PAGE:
Brass Inlet Tube

’67 Volkswagen Beetle — Carb Brass Inlet Tube

This morning, I received a message from a VW friend showing me the new inlet brass tube to his vintage 28 Pict German Solex carburetor.

As many of you know, the brass inlet tube simply is pressed into the port of the carburetor.  With time, this tube can loosen, fall out and be the cause of a devastating fire in the engine compartment.

In the past, I have staked around the tube, which does, indeed, help to prevent its loosening.  Some use J-B Weld or some other epoxy to fix the tube into place.

Tim Robson of Yelm, Washington, who is a Solex carburetor specialist, can remove, tap the port and install a “barbed” inlet tube which never will loosen or fall out.

For those who worry that this tube might spoil the vintage look, let me say that the woven hose, when installed, covers the tube so that it is not visible. I recommend this repair. You don’t want to end up like this.

The Finishing Touches for Your Vintage Volkswagen™

Jay Salser

I’ve been driving and working on VWs for over 37 years. In fact, I raised my family in these cars. Now, I’m 75 years old and enjoy VWs as a hobby. The ’67 Beetle always has been my favorite year.

7 Comments

Jay Salser

about 9 months ago

I want to thank Louis Harris of Dallas, Texas for the illustrating photos of the brass inlet tubes. Lou keeps good records, documenting profusely with top-notch photography! jay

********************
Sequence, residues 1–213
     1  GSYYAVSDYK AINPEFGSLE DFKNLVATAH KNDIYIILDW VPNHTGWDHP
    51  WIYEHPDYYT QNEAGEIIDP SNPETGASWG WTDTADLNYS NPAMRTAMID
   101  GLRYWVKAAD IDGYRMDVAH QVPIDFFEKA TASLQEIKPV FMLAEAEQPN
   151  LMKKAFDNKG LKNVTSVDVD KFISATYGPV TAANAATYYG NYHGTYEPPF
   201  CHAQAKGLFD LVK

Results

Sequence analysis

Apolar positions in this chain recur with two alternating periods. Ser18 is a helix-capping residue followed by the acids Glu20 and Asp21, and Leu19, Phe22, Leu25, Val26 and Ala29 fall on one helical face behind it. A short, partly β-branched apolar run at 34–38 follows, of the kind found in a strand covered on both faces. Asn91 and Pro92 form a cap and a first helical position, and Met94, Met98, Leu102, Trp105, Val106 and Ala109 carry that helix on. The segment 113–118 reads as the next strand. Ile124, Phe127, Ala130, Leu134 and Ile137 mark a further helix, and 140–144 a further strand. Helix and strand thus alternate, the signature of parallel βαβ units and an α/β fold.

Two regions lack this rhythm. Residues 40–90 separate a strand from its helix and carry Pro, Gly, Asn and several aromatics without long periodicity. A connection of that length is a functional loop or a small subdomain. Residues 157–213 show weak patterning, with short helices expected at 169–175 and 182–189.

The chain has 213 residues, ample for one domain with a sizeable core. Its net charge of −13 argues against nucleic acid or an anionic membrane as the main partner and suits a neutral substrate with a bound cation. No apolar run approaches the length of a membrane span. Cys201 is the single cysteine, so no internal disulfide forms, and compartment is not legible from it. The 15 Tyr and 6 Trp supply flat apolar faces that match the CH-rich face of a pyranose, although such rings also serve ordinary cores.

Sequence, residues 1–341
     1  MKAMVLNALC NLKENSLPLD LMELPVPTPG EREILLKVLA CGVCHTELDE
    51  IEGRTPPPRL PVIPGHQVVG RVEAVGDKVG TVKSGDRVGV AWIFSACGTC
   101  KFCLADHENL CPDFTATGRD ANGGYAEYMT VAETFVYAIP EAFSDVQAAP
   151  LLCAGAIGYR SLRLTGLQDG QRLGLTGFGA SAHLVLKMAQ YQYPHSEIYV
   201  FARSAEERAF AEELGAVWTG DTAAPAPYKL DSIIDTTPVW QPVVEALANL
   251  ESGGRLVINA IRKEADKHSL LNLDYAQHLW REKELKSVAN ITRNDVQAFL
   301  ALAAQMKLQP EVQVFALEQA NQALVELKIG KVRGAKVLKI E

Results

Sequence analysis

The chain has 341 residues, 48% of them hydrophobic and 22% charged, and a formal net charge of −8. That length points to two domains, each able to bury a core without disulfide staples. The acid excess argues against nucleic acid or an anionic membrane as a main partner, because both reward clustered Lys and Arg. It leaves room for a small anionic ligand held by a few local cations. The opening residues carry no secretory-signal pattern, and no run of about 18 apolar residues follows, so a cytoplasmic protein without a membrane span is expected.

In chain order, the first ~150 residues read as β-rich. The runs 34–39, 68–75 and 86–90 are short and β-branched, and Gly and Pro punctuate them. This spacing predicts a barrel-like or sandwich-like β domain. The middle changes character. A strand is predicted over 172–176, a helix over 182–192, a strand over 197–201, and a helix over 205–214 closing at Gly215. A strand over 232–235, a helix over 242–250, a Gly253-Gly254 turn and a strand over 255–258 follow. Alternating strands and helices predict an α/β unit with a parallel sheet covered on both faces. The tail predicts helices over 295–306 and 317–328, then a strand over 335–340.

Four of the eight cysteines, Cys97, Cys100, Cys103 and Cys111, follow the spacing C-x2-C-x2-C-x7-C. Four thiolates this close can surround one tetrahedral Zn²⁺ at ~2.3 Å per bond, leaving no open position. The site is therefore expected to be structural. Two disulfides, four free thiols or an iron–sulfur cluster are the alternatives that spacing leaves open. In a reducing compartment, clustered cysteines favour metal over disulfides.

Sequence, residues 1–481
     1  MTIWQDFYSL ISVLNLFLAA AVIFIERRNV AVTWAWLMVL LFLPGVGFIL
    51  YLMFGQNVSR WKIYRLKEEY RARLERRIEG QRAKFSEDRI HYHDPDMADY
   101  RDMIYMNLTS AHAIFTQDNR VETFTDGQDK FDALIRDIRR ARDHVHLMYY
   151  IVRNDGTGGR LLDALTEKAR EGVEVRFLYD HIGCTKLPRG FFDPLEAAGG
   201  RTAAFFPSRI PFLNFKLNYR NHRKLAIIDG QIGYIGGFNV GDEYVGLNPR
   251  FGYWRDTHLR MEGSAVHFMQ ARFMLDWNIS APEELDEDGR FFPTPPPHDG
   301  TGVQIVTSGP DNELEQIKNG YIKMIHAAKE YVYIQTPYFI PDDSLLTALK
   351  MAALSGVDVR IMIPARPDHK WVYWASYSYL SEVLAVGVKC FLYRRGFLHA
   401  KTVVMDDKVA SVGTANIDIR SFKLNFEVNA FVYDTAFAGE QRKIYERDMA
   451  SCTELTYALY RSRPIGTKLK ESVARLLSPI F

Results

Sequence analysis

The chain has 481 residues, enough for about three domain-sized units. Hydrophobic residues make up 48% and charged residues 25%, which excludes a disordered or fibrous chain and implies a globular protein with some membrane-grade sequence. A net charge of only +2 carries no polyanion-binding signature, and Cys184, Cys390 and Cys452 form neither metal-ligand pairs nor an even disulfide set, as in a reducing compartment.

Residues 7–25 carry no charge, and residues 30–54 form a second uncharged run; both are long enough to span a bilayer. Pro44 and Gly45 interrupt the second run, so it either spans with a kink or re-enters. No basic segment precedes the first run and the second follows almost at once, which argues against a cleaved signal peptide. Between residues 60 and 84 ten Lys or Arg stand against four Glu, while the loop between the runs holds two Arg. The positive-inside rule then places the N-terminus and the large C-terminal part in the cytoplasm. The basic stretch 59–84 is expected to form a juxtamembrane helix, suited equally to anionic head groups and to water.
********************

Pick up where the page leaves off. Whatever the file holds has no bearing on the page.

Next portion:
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Charlie

about 9 months ago

Wish this came out sooner! I just got a carb back from Tim that was rebuilt. Should have had him do this upgrade while he had it. Thanks for the great info!

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Lou

about 9 months ago

Charlie, I got mine back with the standard tube just as I sent it out to him. I had previously used JB weld and staked the tube in as Jay does which works well. The 28 sat on the shelf a few weeks and I decided not to use my old method this time. Peace of mind I guess. I E-mailed Tim and he said just send the top out. I did just that and he put the barbed tube in. Quick turn around too. So, it's not too late if you can do without the car a few days. Or maybe borrow or use another carb while he does it.

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Mark M Massey

about 9 months ago

FYI, the fuel pumps have this same problem of coming loose.

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Eric Shoemaker

about 9 months ago

Mark, Good point! I had forgot about this.

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Kevin Morrison

about 9 months ago

This is so critical to the safety of all VW owners. And once again I want to remind everyone with an air cooled VW to not use inline gas filters in the engine compartment. There is a reason for the VW corporation having designed the fuel hose with no inline filter. They knew that any potential for leaks in this type of engine would have negative consequences. VWs are designed with a filter at the bottom of the gas tank. As long as that filter is functioning you do not need any additional filtering. If you are unsure as to the coalition then maybe it is time to check it. If you absolutely must install an inline filter, then install it behind the firewall under the car frame. I believe this website has a video regarding this matter.

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Nathan

about 9 months ago

Kevin, Well said. I've learned so much through this site.

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